Save, make, understand money

Household Bills

Quick changes must be made to benefit health assessments, says committee

Samantha Partington
Written By:
Samantha Partington

Benefit claimants have a ‘profound lack of trust’ in the health assessment system that stands between them and their access to vital financial support, a new survey claims.

Some of the most common complaints with the system are a lack of knowledge of health conditions among assessors, delays in assessing claims, forms that were difficult to complete, poor communication from the Department of Work and Pensions, and factual errors in assessors’ reports.

The findings emerged from a survey carried out by the Work and Pensions Committee of 8,500 claimants who used the health assessment system to claim benefits for themselves or someone else.

The survey was part of an inquiry launched by the committee in autumn 2021 to examine the assessment processes for health-related benefits such as Personal Independence Payment (PIP), Disability Living Allowance and Attendance Allowance.

The inquiry also uncovered high rates of decisions reversed on appeal, for PIP claims this stands at 69%, and long waiting times.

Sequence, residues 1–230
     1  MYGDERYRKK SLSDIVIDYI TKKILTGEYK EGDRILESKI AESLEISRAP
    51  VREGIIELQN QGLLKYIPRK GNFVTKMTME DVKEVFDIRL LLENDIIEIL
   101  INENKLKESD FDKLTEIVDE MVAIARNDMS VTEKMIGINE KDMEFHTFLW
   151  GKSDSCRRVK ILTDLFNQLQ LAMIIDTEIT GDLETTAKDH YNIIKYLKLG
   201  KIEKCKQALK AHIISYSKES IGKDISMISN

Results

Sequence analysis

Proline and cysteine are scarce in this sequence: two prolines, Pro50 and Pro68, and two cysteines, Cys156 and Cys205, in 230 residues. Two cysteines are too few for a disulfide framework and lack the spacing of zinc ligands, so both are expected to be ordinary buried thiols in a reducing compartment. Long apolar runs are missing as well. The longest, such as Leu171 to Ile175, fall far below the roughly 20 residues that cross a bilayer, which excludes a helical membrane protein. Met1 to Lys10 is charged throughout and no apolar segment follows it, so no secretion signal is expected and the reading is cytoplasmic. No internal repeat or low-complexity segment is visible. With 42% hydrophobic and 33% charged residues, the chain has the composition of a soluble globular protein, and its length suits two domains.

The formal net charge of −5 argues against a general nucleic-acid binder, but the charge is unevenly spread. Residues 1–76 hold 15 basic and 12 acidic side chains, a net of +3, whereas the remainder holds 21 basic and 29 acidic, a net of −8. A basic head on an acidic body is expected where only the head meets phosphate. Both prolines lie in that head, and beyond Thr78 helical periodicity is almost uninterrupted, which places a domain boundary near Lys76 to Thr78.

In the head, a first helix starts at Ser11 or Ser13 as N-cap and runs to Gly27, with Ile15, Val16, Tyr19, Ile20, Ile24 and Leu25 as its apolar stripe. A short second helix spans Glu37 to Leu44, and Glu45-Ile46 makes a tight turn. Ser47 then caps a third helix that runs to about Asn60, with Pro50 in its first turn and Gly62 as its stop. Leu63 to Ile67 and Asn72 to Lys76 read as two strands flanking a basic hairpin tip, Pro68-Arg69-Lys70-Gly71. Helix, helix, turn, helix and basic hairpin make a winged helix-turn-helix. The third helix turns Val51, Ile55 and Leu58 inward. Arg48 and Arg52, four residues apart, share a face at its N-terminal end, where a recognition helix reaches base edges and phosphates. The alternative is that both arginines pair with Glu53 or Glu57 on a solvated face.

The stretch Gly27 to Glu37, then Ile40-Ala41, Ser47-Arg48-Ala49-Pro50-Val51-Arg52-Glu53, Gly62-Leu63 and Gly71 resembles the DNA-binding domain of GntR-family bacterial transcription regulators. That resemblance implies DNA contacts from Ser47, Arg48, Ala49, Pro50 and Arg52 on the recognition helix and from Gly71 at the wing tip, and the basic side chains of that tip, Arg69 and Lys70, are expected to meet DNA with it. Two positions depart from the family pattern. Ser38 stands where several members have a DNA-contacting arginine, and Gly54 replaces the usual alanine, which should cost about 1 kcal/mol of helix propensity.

Quick and easy measures

The Work and Pensions Committee is calling for a package of quick and easy measures to be implemented to improve the system for claimants.

Among the recommendations made by MPs on the committee was: to give claimants the choice between remote or in-person assessments, extending the deadline to return forms, targets to reduce assessment waiting times, and payments to people who have been forced to wait beyond the new targets.

The predecessor committee originally published a report on significant problems in assessments in 2018, but many of the recommended changes have not been made.

The Government announced that changes would be made to the health assessment process in a white paper published in March, but reform will not be swift and the current systems will remain in place for several years.

Committee chair, Sir Stephen Timms MP, said: “We surveyed eight and a half thousand people as part of our inquiry and found a profound lack of trust in the system as a consistent theme.

“Many will welcome abolition of the Work Capability Assessment [used for Universal Credit and Employment and Support Allowance to remain in place until 2026]. The Government’s process improvements, and recognition that the system causes undue stress and hardship, are steps in the right direction.

“However, waiting years for changes won’t cut it when quicker wins are available: flexibility of choice on assessment by phone or face-to-face; recording assessments by default; extending deadlines to reduce stress; and sending claimants their reports. All this will give much-needed transparency to a process that so few trust yet affects their lives so fundamentally.

“All efforts must be made for unnecessary limbo and stress for claimants to be put to an end.”